Marston Mat Mudway

Marston Mats, aka perforated steel planking (PSP), were developed by the U.S. before World War II. The idea was to quickly build temporary runways and landing strips. They were first used at Camp Mackall airfield near Marston, North Carolina, in the U.S.

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A Curtiss P-40 Warhawk on a Marston Mat runway at Milne Bay, Papua New Guinea in September, 1942. – public domain

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I honestly don’t remember where or when I acquired four of these heavy metal planks, probably saw them advertised somewhere. I know I didn’t pay much for them. The idea at the time was to see about using them for my bridge deck. I wasn’t able to acquire any more at the time, so opted for the wood deck you see in the photos. One of these days I’ll replace that deck with something metal. I like that the perforations would let air flow through so the bridge would not be as vulnerable to high wind gusts.

Meanwhile during our rainy season, areas where we like to walk get more than a little muddy. The small creeks flood and send water everywhere. I’m always digging ditches to try to control the flow somewhat, but this particular area is low, so it’s always a mucky mess.

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So I installed some 2×10 planks I had as well as the four Marston Mats. Nothing much to it, other than first setting out short cross members for everything to rest on. While you could just toss the planks into the mud, raising them up a bit makes them more effective, and you can get them level to some extent. I screwed down the wooden planks, but the mats were heavy enough to be stable without reinforcement.

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When finished with the project, we noticed that Jeep the dog appreciated the wooden planks, but not so much the mats. He proved the point that the Marston Mats would not be the best material for a bridge, assuming you want to allow your four legged friends to come across with you. We’ll be watching for other options.

Thanks for stopping by! Be sure to check out our suspension bridge book. Here is the link:

Building a Small Cable Suspension Bridge with the Cable Locking System

Images, diagrams, and text copyright 2013-2016 by Marvin Denmark unless otherwise noted. Please do not copy and post my content anywhere without my permission. Thank you.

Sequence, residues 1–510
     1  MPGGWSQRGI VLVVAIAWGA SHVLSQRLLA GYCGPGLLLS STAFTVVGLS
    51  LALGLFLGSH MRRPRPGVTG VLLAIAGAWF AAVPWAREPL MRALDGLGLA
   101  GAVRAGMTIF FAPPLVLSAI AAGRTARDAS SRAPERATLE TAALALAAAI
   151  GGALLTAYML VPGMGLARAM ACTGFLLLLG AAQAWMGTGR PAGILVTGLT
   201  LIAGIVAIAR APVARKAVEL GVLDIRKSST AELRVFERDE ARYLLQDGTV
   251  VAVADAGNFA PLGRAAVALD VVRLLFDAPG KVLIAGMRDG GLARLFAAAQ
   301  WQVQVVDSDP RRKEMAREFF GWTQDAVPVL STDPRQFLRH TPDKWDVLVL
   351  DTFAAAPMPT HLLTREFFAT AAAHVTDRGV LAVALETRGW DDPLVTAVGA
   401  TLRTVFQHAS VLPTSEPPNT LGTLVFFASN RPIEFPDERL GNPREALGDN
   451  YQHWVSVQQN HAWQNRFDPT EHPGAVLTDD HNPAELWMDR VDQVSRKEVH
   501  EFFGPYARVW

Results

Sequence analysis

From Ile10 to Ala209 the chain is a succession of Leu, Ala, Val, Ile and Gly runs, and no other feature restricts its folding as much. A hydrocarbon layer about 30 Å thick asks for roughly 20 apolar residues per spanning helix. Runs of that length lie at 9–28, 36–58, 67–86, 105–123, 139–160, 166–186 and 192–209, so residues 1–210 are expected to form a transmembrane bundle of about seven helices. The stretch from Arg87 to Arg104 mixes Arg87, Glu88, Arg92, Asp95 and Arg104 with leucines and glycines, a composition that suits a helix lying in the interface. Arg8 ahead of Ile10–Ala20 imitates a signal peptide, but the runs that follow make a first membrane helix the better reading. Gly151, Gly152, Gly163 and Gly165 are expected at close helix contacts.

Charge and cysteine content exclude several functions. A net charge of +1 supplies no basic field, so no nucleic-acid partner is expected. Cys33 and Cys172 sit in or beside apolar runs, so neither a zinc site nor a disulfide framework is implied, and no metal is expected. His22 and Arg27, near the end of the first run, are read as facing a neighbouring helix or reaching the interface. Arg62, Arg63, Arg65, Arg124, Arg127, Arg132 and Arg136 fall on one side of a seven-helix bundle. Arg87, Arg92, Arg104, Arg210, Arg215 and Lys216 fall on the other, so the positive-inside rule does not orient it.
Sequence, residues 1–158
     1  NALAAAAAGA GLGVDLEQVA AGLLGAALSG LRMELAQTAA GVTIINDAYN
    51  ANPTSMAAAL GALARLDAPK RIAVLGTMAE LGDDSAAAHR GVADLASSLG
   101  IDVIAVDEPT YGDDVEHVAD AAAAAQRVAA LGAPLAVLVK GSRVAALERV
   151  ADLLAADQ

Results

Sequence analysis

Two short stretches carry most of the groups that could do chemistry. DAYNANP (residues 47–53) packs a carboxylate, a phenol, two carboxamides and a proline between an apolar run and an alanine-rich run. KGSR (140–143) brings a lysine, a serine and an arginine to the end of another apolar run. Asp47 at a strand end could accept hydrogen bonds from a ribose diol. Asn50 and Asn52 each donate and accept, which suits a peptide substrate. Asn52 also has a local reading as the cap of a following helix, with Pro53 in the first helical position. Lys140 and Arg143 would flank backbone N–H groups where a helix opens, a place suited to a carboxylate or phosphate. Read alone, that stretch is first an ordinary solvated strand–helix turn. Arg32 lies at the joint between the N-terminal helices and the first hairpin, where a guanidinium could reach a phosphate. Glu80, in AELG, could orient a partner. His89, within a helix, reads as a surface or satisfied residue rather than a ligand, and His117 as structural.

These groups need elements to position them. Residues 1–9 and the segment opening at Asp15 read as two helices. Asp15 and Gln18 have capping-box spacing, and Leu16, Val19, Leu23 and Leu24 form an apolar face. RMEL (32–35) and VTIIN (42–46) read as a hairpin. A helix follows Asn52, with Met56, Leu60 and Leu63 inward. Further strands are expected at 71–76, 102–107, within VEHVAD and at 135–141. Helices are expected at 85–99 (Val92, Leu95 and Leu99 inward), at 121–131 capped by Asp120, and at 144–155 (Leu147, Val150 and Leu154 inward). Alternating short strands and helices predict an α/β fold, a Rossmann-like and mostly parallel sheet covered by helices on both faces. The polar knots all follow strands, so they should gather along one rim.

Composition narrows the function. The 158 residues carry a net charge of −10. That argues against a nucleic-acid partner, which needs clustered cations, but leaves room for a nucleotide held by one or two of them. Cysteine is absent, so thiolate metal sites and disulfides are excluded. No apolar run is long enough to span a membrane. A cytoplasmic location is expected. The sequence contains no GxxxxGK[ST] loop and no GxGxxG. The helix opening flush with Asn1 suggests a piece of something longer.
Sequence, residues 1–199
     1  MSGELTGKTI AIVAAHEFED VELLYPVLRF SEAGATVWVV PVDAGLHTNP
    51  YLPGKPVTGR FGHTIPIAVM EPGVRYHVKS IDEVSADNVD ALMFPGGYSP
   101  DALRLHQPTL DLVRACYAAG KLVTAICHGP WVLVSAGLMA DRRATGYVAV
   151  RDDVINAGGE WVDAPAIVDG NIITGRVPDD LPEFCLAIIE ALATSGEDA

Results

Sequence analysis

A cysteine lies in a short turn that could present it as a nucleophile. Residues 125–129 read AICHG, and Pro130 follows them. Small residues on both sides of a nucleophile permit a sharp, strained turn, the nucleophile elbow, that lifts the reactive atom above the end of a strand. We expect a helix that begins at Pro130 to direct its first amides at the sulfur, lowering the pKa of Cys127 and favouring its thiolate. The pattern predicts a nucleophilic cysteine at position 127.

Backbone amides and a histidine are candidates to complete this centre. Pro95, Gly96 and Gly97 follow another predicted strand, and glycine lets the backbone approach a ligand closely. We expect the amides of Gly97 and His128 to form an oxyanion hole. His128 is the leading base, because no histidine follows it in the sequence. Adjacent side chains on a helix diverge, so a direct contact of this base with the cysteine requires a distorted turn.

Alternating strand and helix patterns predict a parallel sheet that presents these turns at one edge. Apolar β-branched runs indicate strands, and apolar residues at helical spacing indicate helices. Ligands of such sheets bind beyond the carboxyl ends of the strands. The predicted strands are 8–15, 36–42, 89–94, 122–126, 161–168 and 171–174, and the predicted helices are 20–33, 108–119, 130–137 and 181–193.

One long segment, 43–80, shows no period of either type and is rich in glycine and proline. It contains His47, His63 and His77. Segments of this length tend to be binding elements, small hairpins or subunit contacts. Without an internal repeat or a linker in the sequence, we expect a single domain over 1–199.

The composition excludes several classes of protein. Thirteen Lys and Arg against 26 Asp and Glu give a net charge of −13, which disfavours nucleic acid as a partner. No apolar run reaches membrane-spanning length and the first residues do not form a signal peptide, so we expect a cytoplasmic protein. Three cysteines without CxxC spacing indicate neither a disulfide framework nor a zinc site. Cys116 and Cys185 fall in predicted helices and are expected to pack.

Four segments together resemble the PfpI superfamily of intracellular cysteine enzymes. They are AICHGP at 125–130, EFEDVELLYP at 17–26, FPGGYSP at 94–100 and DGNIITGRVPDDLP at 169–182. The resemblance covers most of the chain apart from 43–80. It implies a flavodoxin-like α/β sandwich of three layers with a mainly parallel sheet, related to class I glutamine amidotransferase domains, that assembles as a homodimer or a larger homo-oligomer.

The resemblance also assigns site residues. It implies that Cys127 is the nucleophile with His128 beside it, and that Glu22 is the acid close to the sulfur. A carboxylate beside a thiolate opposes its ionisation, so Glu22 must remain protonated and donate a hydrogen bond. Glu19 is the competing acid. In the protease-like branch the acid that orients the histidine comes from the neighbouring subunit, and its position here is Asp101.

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A Simple Swamp Bridge

We continue to expand the trail system on our property in the Great Northwet, and that’s not a spelling error. Here in western Oregon many areas that are passable in summer become higher-than-boots water in winter. One spot we have is a small wetland that is fed by a stream that runs year-round, just not as torrential during the dry months. I decided it would be a good place to put a small stump-and-plank bridge so that we could connect two trails we like to use.
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I had some 20 inch diameter cedar posts that would work well for the bases. Planted in water and being cedar, they would not rot anytime soon. I cut them with a chain saw and then the fun part began – digging holes in deep mud, in water. Even in summer, it is a very boggy area. My goal was to dig until I hit more solid ground, but of course the sludge would just pour back into the hole as I shoveled. I dammed up in front of each hole as I dug to divert some of the water, and that helped. Mostly it just took persistence and a bit of mind over matter.
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I set the posts 10 feet apart for my 2×10 planks. If you use something smaller for planks, it is probably best to space the posts closer together. I cut the planks so that they centered on the posts and screwed them down. Then I used metal strapping to tie them together. I could add another deck using smaller dimension lumber to really beef it up, which I’ve done for other bridges on the property (more on them later!), but after walking across this bridge every day for several months now, it seems to be all we need for such a short span – about 40 feet. I might punch some metal posts on each end and the center and add a rope railing for balance. In any case, it’s not a bridge for the non-sober!
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Thanks for stopping by! Be sure to check out our suspension bridge book. Here is the link:

Building a Small Cable Suspension Bridge with the Cable Locking System

Images, diagrams, and text copyright 2013-2014 by Marvin Denmark unless otherwise noted. Please do not copy and post my content anywhere without my permission. Thank you.